Primary Care: Carers voices – what it means to be a carer – video

Carers voices – what it means to be a carer

Please watch the following short video

Credit: Carers Trust (2:51)

Before he was ill, our life was wonderful as long as we were together. Michael has cancer and has acquired brain injuries. He ended up on life support for a month and wasn’t the same again.

I lost my husband and it was difficult to take the change. I’m expected to carry on and look after him.

My daughters are the most important things to me. Simran is eight and has special needs. We’re constantly at different hospitals and her day-to-day activities have to be supported no matter what.

Emotionally, it’s crazy and I had to learn ways of dealing with the emotional strain. Socially, I’m completely isolated and physically I’m exhausted.

I had to learn so much as I’m the financer, nurse, and secretary all rolled into one, which is totally overwhelming.

I’ve been suicidal before. Giving up my career as a project manager in the office was a big change. It became clear Simran was going to need more support.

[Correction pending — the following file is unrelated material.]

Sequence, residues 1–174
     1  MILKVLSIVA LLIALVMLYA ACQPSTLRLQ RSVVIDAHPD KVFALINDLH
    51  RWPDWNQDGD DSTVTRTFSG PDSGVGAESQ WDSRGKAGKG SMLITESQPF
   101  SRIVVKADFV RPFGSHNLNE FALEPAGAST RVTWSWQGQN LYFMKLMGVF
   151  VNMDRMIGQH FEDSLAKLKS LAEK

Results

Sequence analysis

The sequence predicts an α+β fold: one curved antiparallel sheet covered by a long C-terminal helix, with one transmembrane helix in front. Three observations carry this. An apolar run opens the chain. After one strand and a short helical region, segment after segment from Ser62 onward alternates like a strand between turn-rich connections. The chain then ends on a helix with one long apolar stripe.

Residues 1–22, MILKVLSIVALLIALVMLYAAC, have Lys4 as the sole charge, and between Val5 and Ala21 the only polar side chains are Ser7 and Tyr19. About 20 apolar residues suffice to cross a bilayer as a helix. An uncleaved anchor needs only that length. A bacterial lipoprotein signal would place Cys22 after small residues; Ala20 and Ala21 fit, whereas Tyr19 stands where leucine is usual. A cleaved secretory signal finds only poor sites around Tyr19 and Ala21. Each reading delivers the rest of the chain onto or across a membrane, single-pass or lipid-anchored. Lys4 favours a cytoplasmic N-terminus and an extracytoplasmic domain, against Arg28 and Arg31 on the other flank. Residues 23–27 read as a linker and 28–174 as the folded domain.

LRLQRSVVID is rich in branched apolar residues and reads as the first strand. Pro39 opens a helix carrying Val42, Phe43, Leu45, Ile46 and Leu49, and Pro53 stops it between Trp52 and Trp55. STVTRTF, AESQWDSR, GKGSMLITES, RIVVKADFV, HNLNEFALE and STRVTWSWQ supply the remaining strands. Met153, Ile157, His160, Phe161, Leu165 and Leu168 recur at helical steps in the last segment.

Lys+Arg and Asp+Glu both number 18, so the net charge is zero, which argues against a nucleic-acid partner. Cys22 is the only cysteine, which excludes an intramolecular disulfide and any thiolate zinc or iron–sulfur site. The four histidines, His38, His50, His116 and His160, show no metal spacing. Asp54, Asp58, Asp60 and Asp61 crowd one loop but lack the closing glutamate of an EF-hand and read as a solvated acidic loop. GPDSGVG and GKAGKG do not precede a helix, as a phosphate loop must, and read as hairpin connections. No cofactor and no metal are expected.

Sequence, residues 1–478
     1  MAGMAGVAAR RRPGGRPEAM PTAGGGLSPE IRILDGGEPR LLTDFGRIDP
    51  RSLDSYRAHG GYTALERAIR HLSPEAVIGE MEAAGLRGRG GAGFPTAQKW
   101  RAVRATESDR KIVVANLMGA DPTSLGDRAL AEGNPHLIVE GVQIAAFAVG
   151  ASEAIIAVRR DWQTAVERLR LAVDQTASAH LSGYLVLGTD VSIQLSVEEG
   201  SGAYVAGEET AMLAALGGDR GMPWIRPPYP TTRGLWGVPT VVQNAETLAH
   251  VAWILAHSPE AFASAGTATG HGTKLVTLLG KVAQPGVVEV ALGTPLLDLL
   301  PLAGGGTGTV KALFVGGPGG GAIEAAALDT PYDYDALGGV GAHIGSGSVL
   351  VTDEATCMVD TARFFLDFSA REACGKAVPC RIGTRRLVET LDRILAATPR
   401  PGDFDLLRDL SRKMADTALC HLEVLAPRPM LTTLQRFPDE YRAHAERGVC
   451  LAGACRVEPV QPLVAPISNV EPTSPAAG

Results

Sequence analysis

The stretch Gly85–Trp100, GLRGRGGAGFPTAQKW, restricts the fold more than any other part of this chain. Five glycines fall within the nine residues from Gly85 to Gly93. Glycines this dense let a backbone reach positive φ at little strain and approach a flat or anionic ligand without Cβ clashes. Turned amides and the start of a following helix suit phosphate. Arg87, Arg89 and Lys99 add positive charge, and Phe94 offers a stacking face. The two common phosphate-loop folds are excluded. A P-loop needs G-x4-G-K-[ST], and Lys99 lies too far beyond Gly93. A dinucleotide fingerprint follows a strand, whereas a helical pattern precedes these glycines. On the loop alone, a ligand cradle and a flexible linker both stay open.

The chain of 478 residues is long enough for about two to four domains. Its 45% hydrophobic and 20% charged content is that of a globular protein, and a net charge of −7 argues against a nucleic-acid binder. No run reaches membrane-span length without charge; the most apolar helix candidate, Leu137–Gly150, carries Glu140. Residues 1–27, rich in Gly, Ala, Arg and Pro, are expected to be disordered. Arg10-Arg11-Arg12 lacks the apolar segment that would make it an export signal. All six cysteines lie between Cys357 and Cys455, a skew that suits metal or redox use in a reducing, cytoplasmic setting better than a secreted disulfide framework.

To make ends meet, I had to be creative. I can phone Carer’s Trust for help and the sitting service gives me me time.

Carers Trust has provided information and specialist advice which has made a tremendous difference. They also recently had a well-being appointment, which was so helpful.

As carers, we take our own health for granted, but Carers Trust is looking out for us and prolonging our ability to look after the people we love.

I’ve made Michael’s life as good as I possibly can with the support I’ve received. It’s not all doom and gloom and I’m grateful for the support I’ve received. I’m looking forward to the future.